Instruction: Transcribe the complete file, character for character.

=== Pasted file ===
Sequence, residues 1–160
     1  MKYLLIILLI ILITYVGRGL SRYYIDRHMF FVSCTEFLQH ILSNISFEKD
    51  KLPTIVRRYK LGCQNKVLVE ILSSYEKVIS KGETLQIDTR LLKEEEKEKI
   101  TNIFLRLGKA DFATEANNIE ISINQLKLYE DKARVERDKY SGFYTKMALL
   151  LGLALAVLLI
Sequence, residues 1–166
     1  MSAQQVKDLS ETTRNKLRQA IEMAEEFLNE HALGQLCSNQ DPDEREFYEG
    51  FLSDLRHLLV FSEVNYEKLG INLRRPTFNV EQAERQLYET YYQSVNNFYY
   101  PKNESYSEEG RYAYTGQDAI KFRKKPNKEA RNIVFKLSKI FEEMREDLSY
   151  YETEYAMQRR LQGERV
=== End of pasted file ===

Sequence, residues 1–160
     1  MKYLLIILLI ILITYVGRGL SRYYIDRHMF FVSCTEFLQH ILSNISFEKD
    51  KLPTIVRRYK LGCQNKVLVE ILSSYEKVIS KGETLQIDTR LLKEEEKEKI
   101  TNIFLRLGKA DFATEANNIE ISINQLKLYE DKARVERDKY SGFYTKMALL
   151  LGLALAVLLI
Sequence, residues 1–166
     1  MSAQQVKDLS ETTRNKLRQA IEMAEEFLNE HALGQLCSNQ DPDEREFYEG
    51  FLSDLRHLLV FSEVNYEKLG INLRRPTFNV EQAERQLYET YYQSVNNFYY
   101  PKNESYSEEG RYAYTGQDAI KFRKKPNKEA RNIVFKLSKI FEEMREDLSY
   151  YETEYAMQRR LQGERV